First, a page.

Commodities' historical disconnect from stocks and fixed income investments is the very reason some financial planners think they're a good idea, at least for some investors.
"I think for an investor with a larger portfolio, this could be a great addition," says Ted Toal, an Annapolis, Md., financial planner. "Historically, commodities and managed futures have had a negative correlation to stocks and fixed income."
He has put clients into the
Pimco Commodity Real Return Fund
, in its class D shares.
The Pimco fund, perhaps the best known entry point for average investors who want a piece of the commodities market, invests in a basket of commodity futures and puts the bulk of its money in Treasury Inflation Protected Securities, or TIPS. The fund is up 6.73% for the year to date, according to Morningstar data, easily outperforming the major stock indices.
But Toal and other advisors are also aware that fees now weigh heavily on investor's decisions, and the trading costs of a commodities fund will be high. At 4.95% a year, Refco's index fund is pricier than most mutual funds, to be sure.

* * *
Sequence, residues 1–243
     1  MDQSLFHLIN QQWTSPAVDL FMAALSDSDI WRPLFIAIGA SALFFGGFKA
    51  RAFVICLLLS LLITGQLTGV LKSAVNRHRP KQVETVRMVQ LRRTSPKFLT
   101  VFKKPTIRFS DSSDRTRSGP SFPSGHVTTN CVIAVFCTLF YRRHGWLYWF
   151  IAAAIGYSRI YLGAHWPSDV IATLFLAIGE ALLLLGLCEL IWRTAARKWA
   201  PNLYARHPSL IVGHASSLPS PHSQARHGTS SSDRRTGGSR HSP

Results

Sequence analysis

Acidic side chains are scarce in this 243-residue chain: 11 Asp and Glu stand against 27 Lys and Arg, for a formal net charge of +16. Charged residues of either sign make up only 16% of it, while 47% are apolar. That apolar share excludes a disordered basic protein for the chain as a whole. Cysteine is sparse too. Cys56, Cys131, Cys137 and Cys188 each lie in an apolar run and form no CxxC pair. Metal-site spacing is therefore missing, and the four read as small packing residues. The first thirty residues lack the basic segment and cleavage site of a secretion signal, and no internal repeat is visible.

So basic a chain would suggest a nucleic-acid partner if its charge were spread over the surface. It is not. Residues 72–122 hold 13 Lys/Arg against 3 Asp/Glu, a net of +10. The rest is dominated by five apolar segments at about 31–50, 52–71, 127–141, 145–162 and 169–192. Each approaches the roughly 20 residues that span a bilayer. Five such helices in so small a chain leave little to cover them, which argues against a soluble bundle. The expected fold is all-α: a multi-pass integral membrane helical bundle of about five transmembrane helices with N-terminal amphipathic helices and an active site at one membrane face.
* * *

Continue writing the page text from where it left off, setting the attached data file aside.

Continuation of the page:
The inclusive fee covers licensing costs for the S&P index, maintenance of the accounts linked to the funds and a 2% broker's cost for servicing and sales. A separate share class that charges 2.95% -- but doesn't include the broker's costs -- is also available.
Brian Clarke, head of sales for Refco Alternative Investments in the Americas, says the fund aims for annual returns of 13.5% -- less the fees, that's a targeted return of 8.5%.
While that's well behind the current performance of equity funds linked to major indices, it never hurts to diversify, says Loyd Stegent, a Houston financial planner.
Should interest rates rise and the market rally falter, commodities "would be the only buffer in your portfolio," he says. Current returns in commodities don't hurt either, he adds.